In the previous chapter we looked at the history of the Web (Internet) and how JSPs and Servlets came into being. As you might have already guessed by now, any J2EE application needs a server on which it runs. It is called a Web Server. Also, the Servlet needs something in which it would run (Think of the JVM in which all java applications run) and that is called the Servlet container.
In this chapter, we are going to take a look at these two entities.
So, lets get started!!!
Web Servers and Servlet Containers
A servlet is nothing but Java code that runs in a container. It generates HTML & other contents that get displayed in the web page that we see. It is purely coded in Java, so the benefits and restrictions of all regular Java classes apply here too. Servlets are compiled to form a platform neutral bytecode (All java code is platform neutral, isnt it? Serlvet is no different). Upon request, this bytecode file is loaded into a container. Some containers (servlet engines) are integrated with the Web server, while others are plug-ins or extensions to Web servers that run inside the JVM. Servlets look the same as static Web pages to the client, but they really are complete programs capable of complex operations.
The servlet container is an extension of a Web server in the same way CGI, ASP, and PHP are. A servlet functions just like them, but the language in which it is written is Java. That's the main difference. The servlet doesn't talk to the client directly. The Web server functions as the intermediary that does it for the servlet. In a chain of processes, the client sends a request to the Web server, which hands it to the container, which hands it to the servlet. The Servlet processes the request and generates a response. The response starts from the servlet and goes to the container and then to the Web server and back to the client. Of course there are several other steps that happen too but this is just the introduction so this much would suffice I believe.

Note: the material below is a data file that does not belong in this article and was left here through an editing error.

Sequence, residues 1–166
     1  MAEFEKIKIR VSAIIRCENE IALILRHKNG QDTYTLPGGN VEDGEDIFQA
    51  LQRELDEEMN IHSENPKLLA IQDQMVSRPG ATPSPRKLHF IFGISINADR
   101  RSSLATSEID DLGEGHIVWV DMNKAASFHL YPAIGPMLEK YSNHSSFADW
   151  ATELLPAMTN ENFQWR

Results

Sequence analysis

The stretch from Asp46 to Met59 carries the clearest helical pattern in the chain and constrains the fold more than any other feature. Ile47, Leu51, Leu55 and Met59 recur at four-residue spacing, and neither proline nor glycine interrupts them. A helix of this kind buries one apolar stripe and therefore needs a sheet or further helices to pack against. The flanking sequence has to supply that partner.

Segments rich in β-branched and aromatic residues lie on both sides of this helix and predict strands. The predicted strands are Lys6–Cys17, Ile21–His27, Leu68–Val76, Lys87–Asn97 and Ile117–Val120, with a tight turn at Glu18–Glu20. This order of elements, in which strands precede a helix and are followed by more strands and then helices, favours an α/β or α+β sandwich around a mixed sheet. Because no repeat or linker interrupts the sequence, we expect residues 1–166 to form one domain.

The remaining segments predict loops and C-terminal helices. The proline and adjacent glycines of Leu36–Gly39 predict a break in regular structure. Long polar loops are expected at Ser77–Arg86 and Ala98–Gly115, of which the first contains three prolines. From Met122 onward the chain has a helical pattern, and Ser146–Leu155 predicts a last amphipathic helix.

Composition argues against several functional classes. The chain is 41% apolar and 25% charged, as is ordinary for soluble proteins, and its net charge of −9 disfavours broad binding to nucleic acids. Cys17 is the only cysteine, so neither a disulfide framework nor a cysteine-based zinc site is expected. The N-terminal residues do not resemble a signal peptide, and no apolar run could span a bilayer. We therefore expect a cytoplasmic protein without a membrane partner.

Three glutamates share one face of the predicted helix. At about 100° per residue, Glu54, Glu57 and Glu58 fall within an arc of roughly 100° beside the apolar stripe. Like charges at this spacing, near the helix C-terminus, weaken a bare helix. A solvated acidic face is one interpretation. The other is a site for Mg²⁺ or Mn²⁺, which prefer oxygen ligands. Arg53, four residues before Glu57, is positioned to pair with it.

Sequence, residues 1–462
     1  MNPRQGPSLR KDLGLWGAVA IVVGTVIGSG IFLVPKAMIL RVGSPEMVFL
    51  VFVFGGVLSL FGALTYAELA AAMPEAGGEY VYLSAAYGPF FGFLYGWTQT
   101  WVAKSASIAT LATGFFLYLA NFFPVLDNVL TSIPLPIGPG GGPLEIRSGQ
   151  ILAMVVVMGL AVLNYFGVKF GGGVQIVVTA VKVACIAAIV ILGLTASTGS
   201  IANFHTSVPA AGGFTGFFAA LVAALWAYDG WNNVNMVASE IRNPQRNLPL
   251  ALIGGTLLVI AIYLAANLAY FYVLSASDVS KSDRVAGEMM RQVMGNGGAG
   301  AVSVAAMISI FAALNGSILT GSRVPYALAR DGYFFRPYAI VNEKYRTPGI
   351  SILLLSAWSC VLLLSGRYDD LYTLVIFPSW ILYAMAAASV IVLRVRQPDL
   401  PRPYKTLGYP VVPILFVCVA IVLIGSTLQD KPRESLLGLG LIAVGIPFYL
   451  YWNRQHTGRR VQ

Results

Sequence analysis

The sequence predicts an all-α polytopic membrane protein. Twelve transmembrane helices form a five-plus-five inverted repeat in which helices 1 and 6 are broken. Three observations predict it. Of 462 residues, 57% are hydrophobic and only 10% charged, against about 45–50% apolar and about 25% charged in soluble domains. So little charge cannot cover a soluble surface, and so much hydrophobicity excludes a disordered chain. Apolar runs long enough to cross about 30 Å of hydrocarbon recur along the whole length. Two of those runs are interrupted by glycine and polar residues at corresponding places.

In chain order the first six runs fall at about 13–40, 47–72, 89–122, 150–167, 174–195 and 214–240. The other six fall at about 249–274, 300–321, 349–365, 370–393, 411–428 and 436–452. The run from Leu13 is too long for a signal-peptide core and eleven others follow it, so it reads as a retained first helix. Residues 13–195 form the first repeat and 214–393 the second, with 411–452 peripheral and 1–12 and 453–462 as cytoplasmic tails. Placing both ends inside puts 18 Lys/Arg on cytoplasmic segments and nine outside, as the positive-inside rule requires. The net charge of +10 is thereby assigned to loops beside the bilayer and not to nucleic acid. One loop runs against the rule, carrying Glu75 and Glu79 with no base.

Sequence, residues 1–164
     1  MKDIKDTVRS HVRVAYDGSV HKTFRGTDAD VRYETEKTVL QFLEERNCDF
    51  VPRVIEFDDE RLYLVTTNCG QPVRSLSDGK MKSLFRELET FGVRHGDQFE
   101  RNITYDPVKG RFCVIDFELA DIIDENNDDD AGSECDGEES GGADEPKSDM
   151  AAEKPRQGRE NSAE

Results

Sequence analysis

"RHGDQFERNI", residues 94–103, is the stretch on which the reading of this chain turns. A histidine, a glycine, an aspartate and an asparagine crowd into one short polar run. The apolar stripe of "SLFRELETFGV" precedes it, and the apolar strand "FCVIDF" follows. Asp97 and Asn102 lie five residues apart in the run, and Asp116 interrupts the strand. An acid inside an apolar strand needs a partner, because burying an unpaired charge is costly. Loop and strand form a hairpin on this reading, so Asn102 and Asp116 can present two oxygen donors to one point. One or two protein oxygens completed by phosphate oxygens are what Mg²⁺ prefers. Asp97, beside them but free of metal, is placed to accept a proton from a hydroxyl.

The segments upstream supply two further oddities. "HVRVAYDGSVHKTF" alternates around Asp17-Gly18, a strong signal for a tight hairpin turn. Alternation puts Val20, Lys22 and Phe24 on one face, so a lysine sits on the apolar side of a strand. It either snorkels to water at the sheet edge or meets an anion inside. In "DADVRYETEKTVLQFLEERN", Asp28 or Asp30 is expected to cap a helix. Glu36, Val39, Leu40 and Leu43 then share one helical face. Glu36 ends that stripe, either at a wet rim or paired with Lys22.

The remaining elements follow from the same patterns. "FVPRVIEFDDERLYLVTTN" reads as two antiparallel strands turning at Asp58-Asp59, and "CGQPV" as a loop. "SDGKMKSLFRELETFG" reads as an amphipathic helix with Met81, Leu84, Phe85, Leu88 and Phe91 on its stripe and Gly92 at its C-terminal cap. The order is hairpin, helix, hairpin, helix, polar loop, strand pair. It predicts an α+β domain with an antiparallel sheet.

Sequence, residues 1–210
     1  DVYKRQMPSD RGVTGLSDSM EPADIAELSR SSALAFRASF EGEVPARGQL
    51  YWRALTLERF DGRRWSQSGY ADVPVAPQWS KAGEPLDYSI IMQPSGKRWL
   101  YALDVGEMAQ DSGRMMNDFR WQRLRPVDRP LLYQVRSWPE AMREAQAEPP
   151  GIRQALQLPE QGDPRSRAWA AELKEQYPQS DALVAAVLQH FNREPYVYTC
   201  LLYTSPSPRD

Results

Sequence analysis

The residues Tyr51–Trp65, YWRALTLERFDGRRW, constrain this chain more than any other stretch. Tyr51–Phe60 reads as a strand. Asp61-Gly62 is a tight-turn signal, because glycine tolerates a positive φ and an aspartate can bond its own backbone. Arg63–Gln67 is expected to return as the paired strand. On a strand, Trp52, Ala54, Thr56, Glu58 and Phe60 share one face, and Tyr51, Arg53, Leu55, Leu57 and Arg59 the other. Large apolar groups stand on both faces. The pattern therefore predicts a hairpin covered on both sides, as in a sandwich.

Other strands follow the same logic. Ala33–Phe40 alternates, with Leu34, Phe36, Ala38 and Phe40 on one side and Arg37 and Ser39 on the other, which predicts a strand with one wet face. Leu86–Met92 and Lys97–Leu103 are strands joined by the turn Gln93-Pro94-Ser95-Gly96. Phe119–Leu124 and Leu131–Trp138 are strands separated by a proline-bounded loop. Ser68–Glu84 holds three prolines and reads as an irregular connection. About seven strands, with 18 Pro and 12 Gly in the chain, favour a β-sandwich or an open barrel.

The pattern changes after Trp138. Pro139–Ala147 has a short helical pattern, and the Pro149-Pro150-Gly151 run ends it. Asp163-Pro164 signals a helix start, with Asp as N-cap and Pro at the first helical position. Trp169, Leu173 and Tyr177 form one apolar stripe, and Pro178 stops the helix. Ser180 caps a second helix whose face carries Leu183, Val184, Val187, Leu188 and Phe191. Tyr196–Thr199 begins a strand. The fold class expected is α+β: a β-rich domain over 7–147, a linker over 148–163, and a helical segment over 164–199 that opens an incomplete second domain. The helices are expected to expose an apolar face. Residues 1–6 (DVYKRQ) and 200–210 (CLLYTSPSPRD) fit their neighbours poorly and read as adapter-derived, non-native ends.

The servlet architecture makes the container manage servlets through their lifecycle. The container invokes a servlet upon receiving an HTTP request, providing that servlet with request information and the container configurations. The servlet uses this to do its job which is processing the data it received as part of the request. When finished, it hands back HTML and objects that hold information about the response. The container then forms an HTTP response and returns it to the client which inturn displays the stuff sent by the Servlet on screen in the web browser.
Below is a simple illustration of the flow of control that starts and ends at the Web Browser. Control starts at the browser, goes to the server and then to the container which in turn invokes the Servlet. Our Servlet happily does the processing (which might involve hitting a database) and returns the data to the container which in turn passes it on to the web server which finally displays the contents on the web browser.
The Servlet container is often written in Java, since it eventually runs inside a JVM. However, some vendors implement their containers in different languages (they aren’t essentially bound to Java). The point here is the fact that, all we need is a servlet container that can read and execute our servlets. The language in which it is implemented is not necessarily important for us.
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